There are a number of shows on tap from now until the first day of summer that will make you open up like a new daisy, or at least a Venus Fly Trap.
SING LIKE A BIRD
Performers are ready to trill, delivering the songs in musicals such as Freaky Friday, the new musical adaptation of the hit Disney film from back in the day. Mom and teen daughter switch bodies, hilarity and crooning ensue.
Cleveland Play House, April 15 to May 20
Ever wonder what the first musical sounded like? Of course not, but here's the answer anyway in Something Rotten. At the end of the 16th century, brothers Nick and Nigel Bottom go (hilariously) crazy writing their own show.
Playhouse Square, April 25 to May 14
If a four-person, close-harmony guy group of singers has to die in an automobile accident, what could be better than coming back to life for one last chance at stardom? That's what happens to the doomed but tuneful nerds in Forever Plaid.
Great Lakes Theater, May 5 to 21
It's "If I Loved You," it's "You'll Never Walk Alone," and yes, it's none other than Carousel by those up-and-comers Richard Rodgers and Oscar Hammerstein II. Hey, it's just the greatest musical of the 20th century (Time magazine).
Mercury Theatre Company, June 9 to 24
Back when 9 to 5 came out in 1980, we thought it might help change things for abused working women. Ha! So now the musical version will take a swing at the same material, with music and lyrics by Dolly Parton.
Porthouse Theatre, June 15 to July 1
Lush music and stellar dancing: You can have it all in An American in Paris, the new Tony-winning piece about an American soldier who meets a French girl in the Paris of our dreams. Ooh-la-la.
Playhouse Square, June 20 to July 9
SEX, VIOLENCE & RELIGION
How can you miss with any combination of those topics? In Hand to God, kids in a small Texas town are taught to steer clear of Satan's hand. But then, at a Christian puppet ministry, a puppet goes all Damien-ish in this raucous comedy.
Dobama Theatre, April 21 to May 21
Is violence the best response to life under a repressive regime? Before we test that theory out for real in the U.S., Massacre (Sing to Your Children) takes a stab at it. This play promises more gore than BOGO-day at the local abattoir.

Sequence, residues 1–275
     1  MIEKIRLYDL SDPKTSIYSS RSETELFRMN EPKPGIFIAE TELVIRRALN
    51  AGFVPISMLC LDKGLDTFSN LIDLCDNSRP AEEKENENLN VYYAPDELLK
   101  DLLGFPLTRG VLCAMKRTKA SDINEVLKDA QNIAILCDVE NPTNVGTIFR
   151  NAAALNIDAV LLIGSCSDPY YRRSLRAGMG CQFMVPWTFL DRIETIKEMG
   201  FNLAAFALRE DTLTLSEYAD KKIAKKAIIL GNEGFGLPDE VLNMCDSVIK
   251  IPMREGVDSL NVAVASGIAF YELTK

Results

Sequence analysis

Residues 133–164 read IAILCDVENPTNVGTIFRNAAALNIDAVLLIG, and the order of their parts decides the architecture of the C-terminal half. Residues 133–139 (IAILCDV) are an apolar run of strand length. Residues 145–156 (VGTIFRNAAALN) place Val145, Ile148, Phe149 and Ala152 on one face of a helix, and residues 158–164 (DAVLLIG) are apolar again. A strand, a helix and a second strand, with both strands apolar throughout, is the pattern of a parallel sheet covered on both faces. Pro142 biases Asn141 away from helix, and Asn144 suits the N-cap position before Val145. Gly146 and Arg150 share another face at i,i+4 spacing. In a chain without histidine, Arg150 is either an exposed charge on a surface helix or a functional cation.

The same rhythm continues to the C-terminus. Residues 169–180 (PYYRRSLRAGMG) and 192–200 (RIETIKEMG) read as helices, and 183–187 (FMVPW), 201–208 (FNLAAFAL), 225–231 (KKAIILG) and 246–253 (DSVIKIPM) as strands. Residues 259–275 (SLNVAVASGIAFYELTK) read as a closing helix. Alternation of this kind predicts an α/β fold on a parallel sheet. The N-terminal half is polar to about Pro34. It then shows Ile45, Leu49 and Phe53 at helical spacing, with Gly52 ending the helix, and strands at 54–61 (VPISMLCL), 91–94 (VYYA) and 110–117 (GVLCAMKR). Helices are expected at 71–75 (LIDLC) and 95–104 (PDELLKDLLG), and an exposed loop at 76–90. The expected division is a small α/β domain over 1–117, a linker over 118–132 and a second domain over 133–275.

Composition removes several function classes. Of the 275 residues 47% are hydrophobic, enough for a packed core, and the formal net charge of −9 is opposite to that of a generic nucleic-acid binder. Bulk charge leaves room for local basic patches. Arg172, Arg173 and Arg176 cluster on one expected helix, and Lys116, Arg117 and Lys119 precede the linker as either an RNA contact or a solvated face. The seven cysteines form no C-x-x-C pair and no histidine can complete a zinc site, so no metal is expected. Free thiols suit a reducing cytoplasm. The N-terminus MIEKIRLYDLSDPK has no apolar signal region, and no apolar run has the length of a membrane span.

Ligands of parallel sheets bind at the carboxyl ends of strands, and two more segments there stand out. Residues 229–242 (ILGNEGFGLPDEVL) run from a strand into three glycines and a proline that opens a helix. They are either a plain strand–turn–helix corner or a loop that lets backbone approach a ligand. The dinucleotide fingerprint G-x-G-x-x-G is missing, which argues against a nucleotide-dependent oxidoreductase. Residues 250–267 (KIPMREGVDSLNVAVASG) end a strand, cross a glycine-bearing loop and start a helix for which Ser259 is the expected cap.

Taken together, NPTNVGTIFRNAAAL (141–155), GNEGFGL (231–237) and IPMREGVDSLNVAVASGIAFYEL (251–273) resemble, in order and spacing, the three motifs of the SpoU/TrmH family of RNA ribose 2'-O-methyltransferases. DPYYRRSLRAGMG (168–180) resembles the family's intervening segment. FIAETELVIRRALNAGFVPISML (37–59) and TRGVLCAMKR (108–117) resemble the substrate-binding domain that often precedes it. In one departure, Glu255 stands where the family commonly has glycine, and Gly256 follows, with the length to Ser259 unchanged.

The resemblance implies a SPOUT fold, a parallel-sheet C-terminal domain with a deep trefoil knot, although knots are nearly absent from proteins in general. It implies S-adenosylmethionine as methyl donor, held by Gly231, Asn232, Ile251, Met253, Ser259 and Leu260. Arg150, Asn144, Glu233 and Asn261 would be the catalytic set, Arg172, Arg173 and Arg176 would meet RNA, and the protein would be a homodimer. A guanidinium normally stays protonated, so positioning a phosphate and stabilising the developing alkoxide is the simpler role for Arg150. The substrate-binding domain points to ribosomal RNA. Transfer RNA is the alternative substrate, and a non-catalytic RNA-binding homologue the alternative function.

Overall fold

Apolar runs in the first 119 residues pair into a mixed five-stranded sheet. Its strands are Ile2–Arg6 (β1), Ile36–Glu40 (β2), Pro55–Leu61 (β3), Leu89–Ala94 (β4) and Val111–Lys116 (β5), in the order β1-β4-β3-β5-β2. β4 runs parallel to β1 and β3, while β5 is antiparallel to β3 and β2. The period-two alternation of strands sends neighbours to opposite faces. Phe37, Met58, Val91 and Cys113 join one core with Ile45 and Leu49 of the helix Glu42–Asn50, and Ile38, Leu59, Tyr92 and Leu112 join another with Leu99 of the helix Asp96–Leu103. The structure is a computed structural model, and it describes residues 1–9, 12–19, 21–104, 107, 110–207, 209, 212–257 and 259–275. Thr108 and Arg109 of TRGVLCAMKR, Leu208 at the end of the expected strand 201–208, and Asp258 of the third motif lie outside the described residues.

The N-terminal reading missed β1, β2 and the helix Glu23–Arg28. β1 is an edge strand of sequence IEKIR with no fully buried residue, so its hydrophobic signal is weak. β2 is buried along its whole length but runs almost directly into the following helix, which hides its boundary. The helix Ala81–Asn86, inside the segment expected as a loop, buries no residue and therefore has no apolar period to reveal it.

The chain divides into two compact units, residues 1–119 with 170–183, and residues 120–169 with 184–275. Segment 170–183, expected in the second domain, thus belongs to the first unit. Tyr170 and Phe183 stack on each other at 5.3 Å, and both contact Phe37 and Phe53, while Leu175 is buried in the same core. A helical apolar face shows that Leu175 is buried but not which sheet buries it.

convergence continuum theater, May 19 to June 10
Sexual politics and class warfare on a college campus raise their ugly heads in Really Really. Based loosely on the Duke lacrosse team hoax/scandal, the play delves into a story involving a supposed sexual assault and all the issues whirling around it.
Beck Center, June 2 to July 2
Sexual tension = The Taming of the Shrew. Love it, hate it, see it. At the Cleveland Shakespeare Festival — plus, it's free and it's outside at various venues around town.
June 16 to July 2
What happens when you discover you're not alone in your own body? The insanely prolific Cleveland playwright Eric Coble will provide the answer in These Mortal Hosts at the New Ground Theatre Festival.
Cleveland Play House, May 11 to 20
There are doldrums in a video game store? Hard to imagine. But it happens, along with fracturing realities, in Red Ash Mosaic, an original creation by Raymond Bobgan and his fiendishly innovative team.
Cleveland Public Theatre, May 25 to June 17.
Did Einstein and Picasso ever chew the fat? Could be. And comedian Steve Martin wrote up this idea in the "what if" play Picasso at the Lapin Agile.
Blank Canvas Theatre, June 9 to 24
ECCENTRICS AND OTHERS
Few writers have ever been funnier than George S. Kaufman and Moss Hart, and they prove it with a passel of eccentric folks in You Can't Take It With You.
Karamu House, April 20 to May 7
Life as a transfer student from the Middle East is tough enough without having the vice principal on your case, as he is in Cleveland-bred playwright Rajiv Joseph's The North Pool.
Ensemble Theatre, April 28 to May 21
Esteemed local playwright George Brant explores what happens when a young man dies and his possessions are fought over by his mother, sister and girlfriend.
none too fragile theater, May 6 to 20